body and interact directly with organs or remove cancers, cell by cell. Future-gazing technology millionaire Ray Kurzweil envisages a time when, for instance, self-propelled nanobots replace red blood cells as carriers of oxygen and carbon dioxide, meaning that the heart will no longer be necessary for survival. He has also suggested that eating will become separated from providing our energy needs, using nanotechnology to remove unwanted material, so we could eat whatever we liked and still have perfect nutrition.

As yet these miniature robots are science fiction, and the challenges are immense. It's not just a matter of making a conventional robot

smaller - different forces become important at this scale. However, there is already research going on to realise the dream of medical nanotechnology. For instance, it would be desirable to use bacteria to release chemicals in the body, but the immune system attacks them. By enclosing the bacteria in a tiny capsule of carbon nanofibres, the bacteria are kept away from the body's defences but the chemicals can pass through the nanoscale gaps in the capsules unhindered.

A strange illness for the ninth Doctor to investigate, with symptoms including slight breathing difficulties

Futurist Ray Kurzweil foresees a time when nano-scale robots pervade our bodies, operating like the ninth Doctor's nanogenes











THE TENTH DOCTOR proved more laid-back than his predecessor, though David Tennant faced the scariest of the modern monsters: 'Weeping Angels' (pictured on p56). These statues remain motionless but move when not observed, closing in on you in the blink of an eye to reveal a monstrous set of teeth. Weeping Angels cover their eyes to avoid seeing each other, the deadly statues being inspired by the childhood game Grandmother's Footsteps. What's more, they have a surprising reflection in reality with the quantum Zeno effect.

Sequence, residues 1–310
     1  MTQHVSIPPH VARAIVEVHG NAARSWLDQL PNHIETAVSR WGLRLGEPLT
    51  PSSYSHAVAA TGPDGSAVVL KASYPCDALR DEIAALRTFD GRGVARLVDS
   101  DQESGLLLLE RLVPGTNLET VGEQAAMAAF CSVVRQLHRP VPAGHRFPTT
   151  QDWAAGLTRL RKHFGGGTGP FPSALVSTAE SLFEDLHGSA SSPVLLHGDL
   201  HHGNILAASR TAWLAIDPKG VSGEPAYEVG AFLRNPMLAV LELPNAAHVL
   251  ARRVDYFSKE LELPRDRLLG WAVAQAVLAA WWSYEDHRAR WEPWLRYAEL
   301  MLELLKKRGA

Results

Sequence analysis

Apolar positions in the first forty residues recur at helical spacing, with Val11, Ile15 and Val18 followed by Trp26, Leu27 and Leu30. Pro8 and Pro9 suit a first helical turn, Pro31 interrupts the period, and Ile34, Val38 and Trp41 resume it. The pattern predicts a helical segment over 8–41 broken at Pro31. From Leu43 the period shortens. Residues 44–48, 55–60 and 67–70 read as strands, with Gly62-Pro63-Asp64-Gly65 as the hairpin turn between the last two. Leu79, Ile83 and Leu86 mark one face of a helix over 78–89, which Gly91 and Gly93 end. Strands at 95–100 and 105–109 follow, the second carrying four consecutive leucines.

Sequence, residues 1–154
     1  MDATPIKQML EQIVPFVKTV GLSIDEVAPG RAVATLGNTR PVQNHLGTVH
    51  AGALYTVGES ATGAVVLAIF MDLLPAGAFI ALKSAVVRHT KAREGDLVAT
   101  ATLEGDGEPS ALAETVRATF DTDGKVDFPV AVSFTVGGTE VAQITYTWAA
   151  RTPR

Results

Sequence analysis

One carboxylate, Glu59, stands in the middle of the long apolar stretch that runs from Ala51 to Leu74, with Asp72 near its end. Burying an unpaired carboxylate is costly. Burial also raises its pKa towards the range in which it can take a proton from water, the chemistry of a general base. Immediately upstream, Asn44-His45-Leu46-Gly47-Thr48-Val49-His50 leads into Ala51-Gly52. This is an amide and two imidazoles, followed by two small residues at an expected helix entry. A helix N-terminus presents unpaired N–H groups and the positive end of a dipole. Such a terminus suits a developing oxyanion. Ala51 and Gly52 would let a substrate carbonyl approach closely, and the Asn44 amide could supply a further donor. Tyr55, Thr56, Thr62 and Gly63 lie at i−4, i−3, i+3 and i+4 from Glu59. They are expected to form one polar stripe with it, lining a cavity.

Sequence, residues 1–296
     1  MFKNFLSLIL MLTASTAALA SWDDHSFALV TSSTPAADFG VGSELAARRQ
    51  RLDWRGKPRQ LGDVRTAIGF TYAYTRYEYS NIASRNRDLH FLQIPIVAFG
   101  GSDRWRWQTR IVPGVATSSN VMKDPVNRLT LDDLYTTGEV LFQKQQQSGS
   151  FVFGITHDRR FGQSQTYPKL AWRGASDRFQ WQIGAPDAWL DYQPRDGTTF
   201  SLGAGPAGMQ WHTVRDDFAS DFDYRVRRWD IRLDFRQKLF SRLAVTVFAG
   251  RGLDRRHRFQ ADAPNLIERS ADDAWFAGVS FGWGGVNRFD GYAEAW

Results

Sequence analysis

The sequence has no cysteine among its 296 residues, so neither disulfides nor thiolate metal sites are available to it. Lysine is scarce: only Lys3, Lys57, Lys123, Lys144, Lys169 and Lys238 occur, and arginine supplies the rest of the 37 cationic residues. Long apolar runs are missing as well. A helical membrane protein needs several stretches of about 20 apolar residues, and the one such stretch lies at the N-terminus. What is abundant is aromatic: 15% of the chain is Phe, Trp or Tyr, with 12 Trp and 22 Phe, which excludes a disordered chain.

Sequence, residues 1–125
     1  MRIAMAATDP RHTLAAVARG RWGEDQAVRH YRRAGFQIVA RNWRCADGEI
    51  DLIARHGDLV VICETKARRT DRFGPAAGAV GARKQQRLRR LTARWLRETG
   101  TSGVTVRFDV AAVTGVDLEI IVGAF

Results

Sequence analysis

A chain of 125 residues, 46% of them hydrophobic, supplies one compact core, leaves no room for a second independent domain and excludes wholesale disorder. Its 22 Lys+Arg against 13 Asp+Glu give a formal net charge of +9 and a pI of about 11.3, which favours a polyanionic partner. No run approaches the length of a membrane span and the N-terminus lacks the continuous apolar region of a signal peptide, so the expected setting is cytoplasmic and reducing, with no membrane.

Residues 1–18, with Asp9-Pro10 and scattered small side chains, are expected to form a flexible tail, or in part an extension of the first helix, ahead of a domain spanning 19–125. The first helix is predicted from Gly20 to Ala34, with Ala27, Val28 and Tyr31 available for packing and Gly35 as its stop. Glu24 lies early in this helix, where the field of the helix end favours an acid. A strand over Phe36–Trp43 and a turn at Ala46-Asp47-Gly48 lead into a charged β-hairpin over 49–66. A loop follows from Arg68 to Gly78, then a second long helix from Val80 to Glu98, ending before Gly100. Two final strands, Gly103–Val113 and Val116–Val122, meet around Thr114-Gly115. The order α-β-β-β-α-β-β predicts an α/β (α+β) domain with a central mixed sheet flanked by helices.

Zeno was an ancient Greek philosopher who believed

Since the series reboot, companions have had a 'superphone' - a mobile, modified to work across time and space. The tenth Doctor dubbed this 'universal roaming'. As yet we don't have the same problem, but we do experience time lags when communicating with probes in space, due to

0, the finite speed of light. The Curiosity rover on Mars takes

•5 around 20 minutes to respond

to a command, while the signal m from Voyager 1 as it leaves the s Solar System takes around

17 hours to reach us. change and motion were illusions. He pointed out that an arrow in flight didn't appear to be moving if you looked at it in any particular moment of time. Zeno's name was picked up by George Sudarshan and Baidyanath Misra, physicists working at the University of Texas, to describe a weird quantum phenomenon.

At the heart of quantum theory, the science governing very small particles like atoms and photons of light, is probability. What happens to quantum particles isn't definite, but down to chance. This was why Einstein hated the theory and made his famous remarks about God not playing dice. A good example of this is that when a particle undergoes radioactive decay, you can't say when it will decay, just the probability of the decay happening.

However, the duo noticed something very strange. If you make a measurement of the particle, it won't decay at that point in time. And if you keep looking regularly enough, you can prevent it from decaying for as long as you like - this is the quantum Zeno effect. Like a watched pot never boiling, or a Weeping Angel never moving while being looked at, unstable quantum systems like a decaying atom really do wait to act until you look away.